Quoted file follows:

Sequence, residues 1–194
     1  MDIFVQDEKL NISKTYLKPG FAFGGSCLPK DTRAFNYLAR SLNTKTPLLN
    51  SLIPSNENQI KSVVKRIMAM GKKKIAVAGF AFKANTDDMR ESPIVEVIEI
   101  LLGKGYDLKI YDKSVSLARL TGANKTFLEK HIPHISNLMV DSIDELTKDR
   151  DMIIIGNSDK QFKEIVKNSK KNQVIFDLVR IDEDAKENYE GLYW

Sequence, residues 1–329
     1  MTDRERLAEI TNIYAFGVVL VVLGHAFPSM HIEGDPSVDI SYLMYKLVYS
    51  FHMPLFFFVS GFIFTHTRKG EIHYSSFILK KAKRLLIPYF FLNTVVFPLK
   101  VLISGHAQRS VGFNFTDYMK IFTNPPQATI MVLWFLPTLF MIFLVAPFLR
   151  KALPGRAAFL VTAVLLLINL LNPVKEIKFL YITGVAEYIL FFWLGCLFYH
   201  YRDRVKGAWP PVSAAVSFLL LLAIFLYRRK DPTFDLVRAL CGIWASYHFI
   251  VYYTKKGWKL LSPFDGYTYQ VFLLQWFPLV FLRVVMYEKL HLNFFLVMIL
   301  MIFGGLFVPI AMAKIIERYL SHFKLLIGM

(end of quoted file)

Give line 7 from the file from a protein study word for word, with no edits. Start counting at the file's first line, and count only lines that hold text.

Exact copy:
     1  MTDRERLAEI TNIYAFGVVL VVLGHAFPSM HIEGDPSVDI SYLMYKLVYS